Here in America we like to put our own culinary stamp on everything, and by “culinary stamp” of course we mean taking otherwise healthy things and frying them in as much oil as possible, then dousing them in something sweet. With Passover just around the corner, it’s matzoh’s turn in the fried spotlight. While we disappointingly haven’t seen anyone deep-fry matzoh yet (what are you waiting for, Iowa State Fair?) we do love this take on traditional matzoh brei, courtesy of Carrington Farms, which goes easy on the eggy extras, and heavy on the fried bread. Er…unleavened bread that is.
Let’s talk about cabbage. I love cole slaw—like, really love, it’s one of my favorite sides/snacks. Sometimes I will eat a big bowl of slaw for dinner. Is that weird? Probably. Other than cole slaw, though, I don’t really do much with cabbage. So I had to get a little creative with the huge head of crisp, red cabbage that came in our Johnson’s Backyard Garden CSA box last week.
What’s my go-to when it comes to using up vegetables? Mixing them into some quinoa, of course. What’s my other go-to? Adding a runny egg to anything/everything. Using these two standby moves, I transformed a head of cabbage into a super flavorful, easy, and healthy dinner for the household. (Let me tell you, it’s fantastic living with a boyfriend and roommates who enjoy healthy cooking as much as I do.)
This warm salad is red on red on red on red! We’ve got red quinoa, red cabbage, and red onion mingling with kale, sour apple, rich tropical coconut oil, and sweet raisins. The addition of curry and red chile flakes kicks up the spice and keeps this combination from becoming too sugary. Make sure you don’t overcook your quinoa or produce—mushy quinoa is a bummer and you want to be able to savor the crispness of the cabbage, apples, and kale.
Sweet and Spicy Triple Red Quinoa SaladRead More›
Big news! We finally made the leap into signing up for our own CSA box! This is something my bf Rob has wanted to do for awhile, and the rest of the roommates and I quickly got on board.
The natural choice was Johnson’s Backyard Garden, an Austin favorite. If you’re not familiar with CSA (Community Supported Agriculture), here’s an explanation from JBG:
Community Supported Agriculture is much different than going to the local grocery and buying your vegetables. It is a direct partnership between you the consumer, and our farm. CSA members pay in advance for a share of the upcoming harvest and are ensured access to truly nourishing food, food that is grown locally, organically and is delivered when most nutritious and fresh. What’s more, the shareholder cultivates a relationship with their farmer, the land, and with other shareholders. CSA is an opportunity to use your money to support valuable causes: responsible land stewardship, a vibrant local food economy, a healthy community, and the success of local farmers.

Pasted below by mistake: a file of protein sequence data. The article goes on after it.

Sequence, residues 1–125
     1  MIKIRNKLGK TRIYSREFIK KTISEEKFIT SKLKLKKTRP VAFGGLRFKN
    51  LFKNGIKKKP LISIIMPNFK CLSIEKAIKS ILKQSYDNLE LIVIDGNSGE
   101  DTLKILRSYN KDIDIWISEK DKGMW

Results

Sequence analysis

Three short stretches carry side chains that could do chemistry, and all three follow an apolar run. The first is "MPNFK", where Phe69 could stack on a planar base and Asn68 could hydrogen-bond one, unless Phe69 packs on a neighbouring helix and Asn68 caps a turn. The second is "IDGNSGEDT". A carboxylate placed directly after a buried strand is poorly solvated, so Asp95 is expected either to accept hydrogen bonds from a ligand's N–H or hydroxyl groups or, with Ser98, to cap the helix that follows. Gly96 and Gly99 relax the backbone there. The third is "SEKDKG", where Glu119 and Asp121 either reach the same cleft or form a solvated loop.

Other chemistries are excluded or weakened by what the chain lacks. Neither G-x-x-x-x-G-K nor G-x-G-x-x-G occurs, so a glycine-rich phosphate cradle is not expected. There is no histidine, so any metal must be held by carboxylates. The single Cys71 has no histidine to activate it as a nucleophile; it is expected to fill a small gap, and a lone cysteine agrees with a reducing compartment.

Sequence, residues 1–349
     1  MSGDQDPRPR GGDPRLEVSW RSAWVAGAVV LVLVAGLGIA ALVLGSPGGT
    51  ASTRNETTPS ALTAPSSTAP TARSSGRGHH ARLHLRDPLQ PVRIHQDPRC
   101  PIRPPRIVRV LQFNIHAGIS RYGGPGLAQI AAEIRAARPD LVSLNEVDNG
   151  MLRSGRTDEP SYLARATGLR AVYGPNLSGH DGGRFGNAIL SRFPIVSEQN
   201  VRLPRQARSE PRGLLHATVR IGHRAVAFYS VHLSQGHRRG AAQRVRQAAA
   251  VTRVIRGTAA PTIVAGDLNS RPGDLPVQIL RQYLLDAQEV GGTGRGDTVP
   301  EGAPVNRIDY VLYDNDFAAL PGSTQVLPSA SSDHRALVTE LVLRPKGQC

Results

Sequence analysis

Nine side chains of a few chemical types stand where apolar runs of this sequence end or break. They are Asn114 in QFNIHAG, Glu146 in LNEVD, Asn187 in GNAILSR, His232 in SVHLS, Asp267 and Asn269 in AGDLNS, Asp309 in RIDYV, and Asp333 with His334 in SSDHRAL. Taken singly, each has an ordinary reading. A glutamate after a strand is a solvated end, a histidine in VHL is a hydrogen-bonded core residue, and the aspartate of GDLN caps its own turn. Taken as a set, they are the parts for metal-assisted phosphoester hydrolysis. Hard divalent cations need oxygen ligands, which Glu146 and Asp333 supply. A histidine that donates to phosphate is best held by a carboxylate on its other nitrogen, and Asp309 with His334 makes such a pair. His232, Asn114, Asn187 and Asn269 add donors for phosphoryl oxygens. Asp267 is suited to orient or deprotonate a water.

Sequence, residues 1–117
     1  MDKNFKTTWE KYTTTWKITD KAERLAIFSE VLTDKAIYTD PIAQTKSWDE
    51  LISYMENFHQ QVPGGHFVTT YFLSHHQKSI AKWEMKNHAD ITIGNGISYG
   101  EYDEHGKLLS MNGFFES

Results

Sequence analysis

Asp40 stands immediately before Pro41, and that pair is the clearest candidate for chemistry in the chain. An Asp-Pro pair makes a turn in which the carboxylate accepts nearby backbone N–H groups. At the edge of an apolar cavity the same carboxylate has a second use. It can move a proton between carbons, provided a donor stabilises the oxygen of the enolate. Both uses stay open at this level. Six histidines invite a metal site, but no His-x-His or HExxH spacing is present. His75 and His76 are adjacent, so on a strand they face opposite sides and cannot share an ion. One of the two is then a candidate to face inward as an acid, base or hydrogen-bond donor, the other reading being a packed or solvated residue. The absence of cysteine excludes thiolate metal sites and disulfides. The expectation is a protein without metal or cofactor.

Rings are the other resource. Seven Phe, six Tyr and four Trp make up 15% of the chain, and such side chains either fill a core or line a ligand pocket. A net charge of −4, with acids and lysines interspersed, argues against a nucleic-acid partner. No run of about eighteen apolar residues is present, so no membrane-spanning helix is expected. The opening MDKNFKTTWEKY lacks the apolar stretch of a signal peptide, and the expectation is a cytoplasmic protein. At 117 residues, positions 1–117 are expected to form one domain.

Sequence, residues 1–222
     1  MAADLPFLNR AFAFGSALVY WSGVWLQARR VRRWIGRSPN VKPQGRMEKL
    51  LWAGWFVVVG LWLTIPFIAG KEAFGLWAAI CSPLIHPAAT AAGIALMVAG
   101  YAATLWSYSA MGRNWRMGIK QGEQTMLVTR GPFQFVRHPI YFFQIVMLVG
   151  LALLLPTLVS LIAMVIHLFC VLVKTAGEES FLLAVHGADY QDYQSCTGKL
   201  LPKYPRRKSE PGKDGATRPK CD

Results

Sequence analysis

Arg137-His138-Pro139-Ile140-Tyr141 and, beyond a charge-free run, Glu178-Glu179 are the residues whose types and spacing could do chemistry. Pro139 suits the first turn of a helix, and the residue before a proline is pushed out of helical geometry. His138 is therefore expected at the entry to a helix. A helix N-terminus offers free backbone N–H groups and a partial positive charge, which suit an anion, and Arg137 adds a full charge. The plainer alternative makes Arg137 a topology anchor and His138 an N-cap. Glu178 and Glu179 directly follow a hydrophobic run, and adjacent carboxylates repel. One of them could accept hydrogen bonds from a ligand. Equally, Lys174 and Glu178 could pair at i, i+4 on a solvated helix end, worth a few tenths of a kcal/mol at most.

Can’t argue with that. Especially considering the amount of vegetables I eat on a weekly basis. We’re getting a medium box every two weeks, plus a half-dozen farm fresh eggs. Our first box, which was delivered last Tuesday, held delights such as sweet potatoes, rainbow carrots (absolutely gorgeous!), kale, spinach, parsley, and even daikon. The fun thing about getting a CSA box is it’s kind of like being on Chopped, except for instead of crazy ingredients it’s a bunch of super fresh, organic produce. You still have to figure out ways to cook it at its peak before it starts going bad, though!
Last Saturday morning I wanted to use up some of our beautiful vegetables and, obviously, try out some of those eggs in our morning meal. I decided to go the hash route. I’ve never put carrots in a hash before, but their crisp sweetness was great with the sweet potatoes. I added some leftover chopped organic chicken breast to bulk up the protein, plus some leftover red and green onion (not from JBG, but duh, gotta have some onion). The result? A gorgeous rainbow of colors, flavors, and texture. Adding a runny-yolked egg was really just gilding the lily.
Sweet Potato + Carrot Rainbow HashRead More›
When I heard that Brooklyn’s legendary Junior’s restaurant was releasing new a cookbook, you know I was all up on this. I mean, this is the place that invented the “something different” sandwich: two giant potato latkes holding up a bevy of beef brisket.
That monstrosity/amazingness isn’t included in Junior’s Home Cooking, but they do have another spin for how to combine breakfast beef and carbs. The Junior’s “different benedict” offers up eggs and hollandaise over corned beef hash. Yes.